Whether your teenager's school offers driver's education or not, you have a responsibility as a parent to build on the lessons they bring home. This includes giving them the time and space necessary to apply those lessons and learn practical application of the skills they learn. To do this, you need to take a serious look at your options, and what critical skills they need.
Dealing With Dangerous Road Conditions
Even in states which do offer driver's education in school, most avoid exposing new drivers to adverse weather. This has more to do with insurance issues than anything else, but it leaves teenage drivers unprepared for the worst that nature can throw at them. As a parent, this presents you with an excellent opportunity to build on what's being taught.
Once your teen is comfortable with basic vehicle operations, take them out in the next serious storm that rolls through. Heavy rain, blasting winds, and even ice can be hazardous to even experienced drivers, so it's that much more important for teen drivers to learn what to expect. This will also teach them how adverse weather will affect a car's behavior on the road, and how to adapt to the situation. Just make sure you take it slow, and use low traffic roads for these lessons to minimize the risk to your child and other drivers.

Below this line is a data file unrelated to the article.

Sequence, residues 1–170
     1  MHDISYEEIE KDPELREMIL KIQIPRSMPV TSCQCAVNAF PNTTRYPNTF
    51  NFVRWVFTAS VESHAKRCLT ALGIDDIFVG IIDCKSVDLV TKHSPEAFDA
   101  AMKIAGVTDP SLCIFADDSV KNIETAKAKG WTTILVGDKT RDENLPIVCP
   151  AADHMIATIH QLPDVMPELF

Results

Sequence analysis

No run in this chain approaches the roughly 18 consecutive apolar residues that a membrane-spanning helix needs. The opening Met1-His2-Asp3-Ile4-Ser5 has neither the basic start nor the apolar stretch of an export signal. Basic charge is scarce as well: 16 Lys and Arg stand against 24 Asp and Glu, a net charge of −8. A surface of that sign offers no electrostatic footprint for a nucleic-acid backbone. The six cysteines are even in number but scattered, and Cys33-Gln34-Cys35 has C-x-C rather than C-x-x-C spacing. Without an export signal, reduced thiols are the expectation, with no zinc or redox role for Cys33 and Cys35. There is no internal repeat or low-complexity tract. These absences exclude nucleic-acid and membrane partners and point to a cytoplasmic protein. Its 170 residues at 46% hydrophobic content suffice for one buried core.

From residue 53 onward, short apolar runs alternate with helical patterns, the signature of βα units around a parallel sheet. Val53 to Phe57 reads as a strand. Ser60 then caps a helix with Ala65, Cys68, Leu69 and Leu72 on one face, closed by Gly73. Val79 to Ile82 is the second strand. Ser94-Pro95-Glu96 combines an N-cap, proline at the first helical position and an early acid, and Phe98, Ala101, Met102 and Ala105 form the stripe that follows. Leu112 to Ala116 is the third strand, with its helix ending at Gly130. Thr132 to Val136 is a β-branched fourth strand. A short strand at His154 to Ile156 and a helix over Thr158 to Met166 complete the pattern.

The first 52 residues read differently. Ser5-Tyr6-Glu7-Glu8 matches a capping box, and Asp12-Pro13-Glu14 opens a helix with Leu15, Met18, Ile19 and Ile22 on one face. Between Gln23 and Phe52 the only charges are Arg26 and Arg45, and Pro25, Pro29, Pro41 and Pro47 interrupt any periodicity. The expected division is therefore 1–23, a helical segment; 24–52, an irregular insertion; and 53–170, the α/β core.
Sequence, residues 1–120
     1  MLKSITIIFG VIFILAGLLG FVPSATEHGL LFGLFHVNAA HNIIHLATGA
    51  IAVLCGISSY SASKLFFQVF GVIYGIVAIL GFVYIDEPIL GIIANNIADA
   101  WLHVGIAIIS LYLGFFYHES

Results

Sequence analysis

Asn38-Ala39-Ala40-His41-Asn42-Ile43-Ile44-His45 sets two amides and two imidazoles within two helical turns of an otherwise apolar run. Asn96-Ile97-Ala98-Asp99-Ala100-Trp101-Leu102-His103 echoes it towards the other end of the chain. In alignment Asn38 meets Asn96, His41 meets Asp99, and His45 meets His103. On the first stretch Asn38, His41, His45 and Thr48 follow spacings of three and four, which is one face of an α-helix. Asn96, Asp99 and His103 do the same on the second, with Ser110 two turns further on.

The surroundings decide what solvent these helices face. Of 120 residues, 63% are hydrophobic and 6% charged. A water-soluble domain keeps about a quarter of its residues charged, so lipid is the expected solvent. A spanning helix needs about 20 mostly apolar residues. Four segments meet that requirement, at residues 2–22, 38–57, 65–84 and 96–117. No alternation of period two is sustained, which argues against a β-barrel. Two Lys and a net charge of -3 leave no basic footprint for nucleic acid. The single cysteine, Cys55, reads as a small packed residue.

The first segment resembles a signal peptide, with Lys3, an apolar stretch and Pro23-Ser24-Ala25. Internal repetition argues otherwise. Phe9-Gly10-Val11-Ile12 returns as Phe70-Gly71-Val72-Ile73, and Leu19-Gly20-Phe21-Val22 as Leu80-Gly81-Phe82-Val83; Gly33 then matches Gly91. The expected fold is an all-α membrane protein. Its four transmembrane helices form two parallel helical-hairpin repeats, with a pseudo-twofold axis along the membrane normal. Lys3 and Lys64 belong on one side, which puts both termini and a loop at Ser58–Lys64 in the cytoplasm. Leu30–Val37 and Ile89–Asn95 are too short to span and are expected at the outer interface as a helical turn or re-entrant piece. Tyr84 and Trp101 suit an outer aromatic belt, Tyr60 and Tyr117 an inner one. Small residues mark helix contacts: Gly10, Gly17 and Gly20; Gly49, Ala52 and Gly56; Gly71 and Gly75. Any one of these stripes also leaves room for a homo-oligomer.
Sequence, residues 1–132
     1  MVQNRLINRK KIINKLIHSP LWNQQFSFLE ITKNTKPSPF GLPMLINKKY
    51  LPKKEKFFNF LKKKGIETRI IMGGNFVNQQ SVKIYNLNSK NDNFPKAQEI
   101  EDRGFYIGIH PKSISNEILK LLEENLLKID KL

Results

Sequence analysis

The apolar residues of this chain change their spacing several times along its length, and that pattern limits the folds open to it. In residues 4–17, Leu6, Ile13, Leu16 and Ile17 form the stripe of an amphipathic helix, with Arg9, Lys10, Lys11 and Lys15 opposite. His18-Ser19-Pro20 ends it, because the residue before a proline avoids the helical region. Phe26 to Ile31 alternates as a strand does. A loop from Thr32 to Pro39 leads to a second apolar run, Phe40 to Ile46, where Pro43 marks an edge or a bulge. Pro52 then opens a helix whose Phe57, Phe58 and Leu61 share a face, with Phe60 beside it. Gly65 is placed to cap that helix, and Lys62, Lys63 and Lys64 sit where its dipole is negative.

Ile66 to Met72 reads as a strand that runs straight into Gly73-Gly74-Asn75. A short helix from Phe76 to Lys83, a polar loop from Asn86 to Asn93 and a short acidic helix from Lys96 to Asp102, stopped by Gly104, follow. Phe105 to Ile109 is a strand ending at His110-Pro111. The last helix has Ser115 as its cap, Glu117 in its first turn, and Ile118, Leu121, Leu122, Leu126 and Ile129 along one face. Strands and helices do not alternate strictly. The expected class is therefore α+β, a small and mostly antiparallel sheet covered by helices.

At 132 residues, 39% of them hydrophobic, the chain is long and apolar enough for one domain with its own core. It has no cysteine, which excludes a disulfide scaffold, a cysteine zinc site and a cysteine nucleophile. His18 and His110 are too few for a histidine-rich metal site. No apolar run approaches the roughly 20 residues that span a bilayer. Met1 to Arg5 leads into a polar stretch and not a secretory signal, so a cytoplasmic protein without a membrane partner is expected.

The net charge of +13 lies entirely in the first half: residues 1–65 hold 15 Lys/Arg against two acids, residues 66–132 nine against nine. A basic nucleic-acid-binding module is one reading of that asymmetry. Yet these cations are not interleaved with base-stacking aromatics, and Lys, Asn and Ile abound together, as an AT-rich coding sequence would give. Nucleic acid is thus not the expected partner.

Unless you live in a major metropolitan area, the odds that your teen will be exposed to freeway speeds and conditions are marginal at best. As a result, you'll need to give them their first taste of what those conditions feel like and the basics of high speed driving techniques. Vehicles behave differently at high speeds, and without experience dealing with speeds in excess of 55 mph, a young driver can easily lose control of their car.
Unlike other driving scenarios, there's no gentle way to introduce high speed driving. By their very nature, highways and freeways are generally pretty busy at all hours of the day. Start off by keeping the car in the far right hand lane, nearest the off ramps, so that if your child's nerves begin to fray they have an easy opportunity to pull off and collect themselves. Work your way up to traveling at the full speed limit though, so you don't end up scaring them away from the idea entirely.
At their core, the driver's training programs like American Driving Academy available to most teenagers are more than adequate for navigating your immediate neighborhood, and even around neighboring communities. That doesn't mean there aren't opportunities available to build on those skills, and introduce more challenging scenarios without leaving your teen to a trial by fire.Share